Press Releases

  • November 25, 2020    |   Educational Choice

    Tennessee Parents Appeal School Choice Program to Tennessee Supreme Court

    ESAs offer lifeline to parents with children assigned to underperforming schools

    Arlington, Va.—This afternoon, two Tennessee parents appealed to the Tennessee Supreme Court a September decision from an appellate court that declared the Tennessee Education Savings Account Pilot Program in violation of the Tennessee Constitution. The parents planned to use the Education Savings Accounts (ESAs) authorized by the law to remove their children from chronically underperforming…

  • November 23, 2020

    ShopInPlaceChi.com Ready to Help Windy City Shoppers Connect With Local Small Businesses

    With over 1,000 listed businesses, ShopInPlaceChi.com is ready for Small Business Saturday and the holiday shopping season

    CHICAGO—With Small Business Saturday just a few days away and the holiday shopping season already in full swing, Chicagoans should know that there is an easy way for them to find small, local businesses ready to serve them safely. Launched this spring, www.ShopInPlaceChi.com helps consumers search for small businesses by category and neighborhood. The website…

  • November 18, 2020    |   Private Property

    The Roseau County Landowners Coalition attended a Roseau Lake project work session earlier this month to demand that the Roseau River Watershed District (RRWD) abandon its plans to force farmers to install flood easements on or sell their productive, multi-generational farmland. The RRWD’s unnecessary and costly flood mitigation project requires the acquisition of property that…

  • November 13, 2020    |   Private Property

    Tampa Woman Will Finally Get Her $43,167 Back from the Federal Government

    DEA seized money at the airport and held it for months without ever charging her with a crime

    TAMPA, Fla.—Stacy Jones’s $43,167 will be returned to her after the Drug Enforcement Administration (DEA) wrongfully seized it as she was flying home to Tampa from the Wilmington International Airport in May of this year. Without offering any explanation or apology for the harm caused by confiscating her money, the DEA informed the Institute for…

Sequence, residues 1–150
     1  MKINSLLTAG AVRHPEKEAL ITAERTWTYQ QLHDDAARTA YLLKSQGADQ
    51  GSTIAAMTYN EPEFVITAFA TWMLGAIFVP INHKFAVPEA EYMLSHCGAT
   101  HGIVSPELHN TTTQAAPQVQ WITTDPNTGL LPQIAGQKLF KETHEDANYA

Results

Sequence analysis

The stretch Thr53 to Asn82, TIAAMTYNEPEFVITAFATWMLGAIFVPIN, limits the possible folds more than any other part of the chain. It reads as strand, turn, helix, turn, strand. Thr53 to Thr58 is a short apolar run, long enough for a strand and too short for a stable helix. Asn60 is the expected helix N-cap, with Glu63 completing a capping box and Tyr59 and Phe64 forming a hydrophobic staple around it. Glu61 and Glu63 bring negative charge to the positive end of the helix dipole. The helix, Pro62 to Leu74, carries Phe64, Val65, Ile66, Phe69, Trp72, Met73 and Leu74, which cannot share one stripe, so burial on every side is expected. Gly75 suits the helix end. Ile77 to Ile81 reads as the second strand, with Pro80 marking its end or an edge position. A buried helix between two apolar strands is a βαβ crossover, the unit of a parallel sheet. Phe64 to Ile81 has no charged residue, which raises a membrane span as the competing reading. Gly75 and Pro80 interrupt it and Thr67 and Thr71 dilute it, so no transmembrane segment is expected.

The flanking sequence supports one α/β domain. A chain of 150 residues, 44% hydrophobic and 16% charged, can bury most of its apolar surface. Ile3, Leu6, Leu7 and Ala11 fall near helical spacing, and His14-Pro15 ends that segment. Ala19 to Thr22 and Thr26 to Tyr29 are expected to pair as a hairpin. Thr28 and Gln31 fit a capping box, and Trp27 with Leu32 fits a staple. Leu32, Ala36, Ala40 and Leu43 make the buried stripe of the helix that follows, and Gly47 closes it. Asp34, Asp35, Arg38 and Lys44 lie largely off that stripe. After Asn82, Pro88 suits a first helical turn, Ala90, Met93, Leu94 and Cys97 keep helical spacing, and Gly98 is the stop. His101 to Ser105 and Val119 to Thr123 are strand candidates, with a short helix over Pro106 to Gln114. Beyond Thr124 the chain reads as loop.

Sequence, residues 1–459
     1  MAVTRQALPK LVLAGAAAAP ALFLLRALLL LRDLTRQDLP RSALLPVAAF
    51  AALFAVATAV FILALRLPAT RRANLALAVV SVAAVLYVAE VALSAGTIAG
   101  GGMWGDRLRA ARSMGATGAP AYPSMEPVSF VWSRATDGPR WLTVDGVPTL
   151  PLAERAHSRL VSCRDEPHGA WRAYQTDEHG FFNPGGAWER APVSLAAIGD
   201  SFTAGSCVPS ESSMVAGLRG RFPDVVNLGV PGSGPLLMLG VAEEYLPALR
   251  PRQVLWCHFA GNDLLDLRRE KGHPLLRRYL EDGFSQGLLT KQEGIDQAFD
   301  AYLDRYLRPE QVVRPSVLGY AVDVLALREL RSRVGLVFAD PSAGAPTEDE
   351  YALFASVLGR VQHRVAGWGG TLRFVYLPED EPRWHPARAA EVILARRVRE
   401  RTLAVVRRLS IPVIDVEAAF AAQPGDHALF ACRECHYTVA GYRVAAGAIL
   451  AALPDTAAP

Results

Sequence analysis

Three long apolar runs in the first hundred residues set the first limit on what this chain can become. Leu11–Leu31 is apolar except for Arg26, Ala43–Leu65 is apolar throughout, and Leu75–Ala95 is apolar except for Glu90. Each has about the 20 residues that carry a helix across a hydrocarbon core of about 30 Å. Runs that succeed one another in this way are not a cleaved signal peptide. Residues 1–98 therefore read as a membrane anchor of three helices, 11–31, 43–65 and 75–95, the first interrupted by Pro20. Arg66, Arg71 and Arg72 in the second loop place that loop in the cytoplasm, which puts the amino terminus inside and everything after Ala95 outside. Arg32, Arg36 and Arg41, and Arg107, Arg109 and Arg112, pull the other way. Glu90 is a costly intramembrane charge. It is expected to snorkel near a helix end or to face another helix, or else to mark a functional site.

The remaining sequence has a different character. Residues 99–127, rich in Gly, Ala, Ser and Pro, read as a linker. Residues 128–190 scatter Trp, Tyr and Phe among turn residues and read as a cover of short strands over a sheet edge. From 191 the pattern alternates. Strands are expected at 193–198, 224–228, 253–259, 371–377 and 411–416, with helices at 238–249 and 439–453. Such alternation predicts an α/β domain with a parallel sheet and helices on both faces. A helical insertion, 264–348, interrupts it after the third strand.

• November 3, 2020    |   Private Property

    Theft of Seized Funds Demonstrates Deep Need for Civil Forfeiture Reform in South Carolina

    The Institute for Justice is asking the state Supreme Court to end “policing for profit” and restore South Carolinians’ expectation that they are innocent until proven guilty

    ARLINGTON, Va.—The Institute for Justice (IJ), which will soon argue before the South Carolina Supreme Court that it should end the controversial practice of civil forfeiture, calls attention to the sentencing of Blair Shaffer, the former police chief of Manning, South Carolina. Yesterday, a federal court sentenced Shaffer to a year and a day in prison…

  • October 29, 2020    |   Educational Choice

    Maine Parents Challenging Law Excluding Religious Schools from State’s Tuition Program Will Appeal to Supreme Court

    Federal appeals court rules for state despite recent Supreme Court decision that struck down Montana’s restrictions on a school choice program

    Arlington, Va.—A panel of the 1st U.S. Circuit Court of Appeals today issued a ruling upholding a Maine law that excludes religious schools as an option for parents and students from the state’s high school tuitioning program. The ruling comes despite the recent U.S. Supreme Court decision in Espinoza v. Montana¸ which struck down similar…

  • October 28, 2020    |   Economic Liberty

    Court Says Lincoln Home Baker’s Lawsuit Challenging City’s Unnecessary Regulations May Proceed

    Lancaster County Court Denies City of Lincoln’s Motion to Dismiss

    OMAHA, Neb.—Yesterday, the Lancaster County District Court denied the city of Lincoln’s motion to dismiss, permitting home baker Cindy Harper’s lawsuit against the city to move forward. Cindy’s lawsuit, brought by the Institute for Justice (IJ) in partnership with Husch Blackwell LLP, challenges Lincoln’s decision to bring back regulations at the local level that were…

  • October 21, 2020    |   Immunity and Accountability

    Members of Congress, Scholars & Advocates Urge High Court Not to Create Loophole for Government Officials Seeking to Escape Accountability

    Statute designed to hold government officials accountable now being weaponized by Solicitor General to prevent victims from having their day in court

    Arlington, Va.—Brownback v. King, a case in which the government is seeking to create a huge new loophole through which government workers can escape accountability when they violate someone’s constitutional rights, will be argued before the U.S. Supreme Court on Monday, November 9, 2020. In anticipation of that argument, scholars, public interest advocates and members…

  • October 15, 2020    |   Private Property

    Wednesday afternoon, Judge Richard P. Haaz for the Court of Common Pleas of Montgomery County, Pennsylvania, denied the borough of Pottstown’s motion for a protective order in a lawsuit over its rental inspection law that forces landlords and tenants to open their properties and homes to intrusive inspections. Pottstown renters, a landlord, and residents of a non-rental home the borough attempted…